Most enterprises have well-documented information security and governance programs for identifying risks and controls related to employee access. But Gartner reports that only 53% of businesses have a strategy for mitigating third party-related data access risk, and most lack sufficient third-party monitoring practices to detect new risk. Small wonder why third-party ecosystems are ranked among the top data governance worries for audit executives in 2020.

Consider brushing-up on information security standards and governance frameworks (e.g., ISO 27001 NIST 800-53, COBIT), noting that requirements apply to third-parties as well as employees. For example, a branch of the United Nations recently disclosed adverse audit findings related to external identity weaknesses:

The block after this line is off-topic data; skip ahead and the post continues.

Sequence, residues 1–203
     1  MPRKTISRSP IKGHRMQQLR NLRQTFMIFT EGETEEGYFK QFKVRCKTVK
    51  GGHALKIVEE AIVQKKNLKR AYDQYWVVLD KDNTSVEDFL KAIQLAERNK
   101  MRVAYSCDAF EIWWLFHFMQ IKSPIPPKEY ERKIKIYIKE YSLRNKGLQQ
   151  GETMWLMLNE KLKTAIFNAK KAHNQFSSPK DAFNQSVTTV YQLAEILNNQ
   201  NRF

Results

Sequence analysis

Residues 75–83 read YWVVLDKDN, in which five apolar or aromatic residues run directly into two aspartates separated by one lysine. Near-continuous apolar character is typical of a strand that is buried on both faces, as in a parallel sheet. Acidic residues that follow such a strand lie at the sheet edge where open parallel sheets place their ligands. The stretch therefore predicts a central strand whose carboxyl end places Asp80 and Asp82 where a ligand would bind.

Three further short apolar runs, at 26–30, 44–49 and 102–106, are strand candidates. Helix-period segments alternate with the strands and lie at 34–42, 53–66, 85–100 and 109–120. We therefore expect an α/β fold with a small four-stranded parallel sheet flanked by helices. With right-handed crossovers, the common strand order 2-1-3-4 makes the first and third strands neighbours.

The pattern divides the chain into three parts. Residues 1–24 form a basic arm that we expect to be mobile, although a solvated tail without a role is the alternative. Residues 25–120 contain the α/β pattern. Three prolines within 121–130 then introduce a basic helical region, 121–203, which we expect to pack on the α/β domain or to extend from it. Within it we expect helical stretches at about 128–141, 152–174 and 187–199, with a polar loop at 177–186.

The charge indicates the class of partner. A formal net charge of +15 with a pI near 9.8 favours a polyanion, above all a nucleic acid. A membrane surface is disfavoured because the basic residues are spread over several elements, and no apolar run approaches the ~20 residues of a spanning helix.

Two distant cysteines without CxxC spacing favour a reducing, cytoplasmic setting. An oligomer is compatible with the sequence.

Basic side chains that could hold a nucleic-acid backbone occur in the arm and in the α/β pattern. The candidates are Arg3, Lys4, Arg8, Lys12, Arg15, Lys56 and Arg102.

• third-party governance and risk framework (high priority)
  • third-party user identity and access management (high priority)
  • third-party user logging and monitoring of activities (high priority)

4. Requirements

Consider the three areas below in context of your overall external populations to help identify your unique requirements:

  • Security: Consider all remote entities in your current and expected digital ecosystems – people, systems and things. Advanced solutions can provide each such entity with an identity, enabling common security and access policies to determine, enforce, monitor and govern access. For authentication, plan to treat each remote login as coming from a stranger (zero trust) yet be able to leverage data and signals from multiple sources to scale security in response to perceived risk. Adaptive authentication is a sound technique to accomplish this, provided that risk scoring considers the aggerate risk of all accounts and entitlements associated with the provided credential, in addition to the standard risk signals (device, geo, time of day, etc.).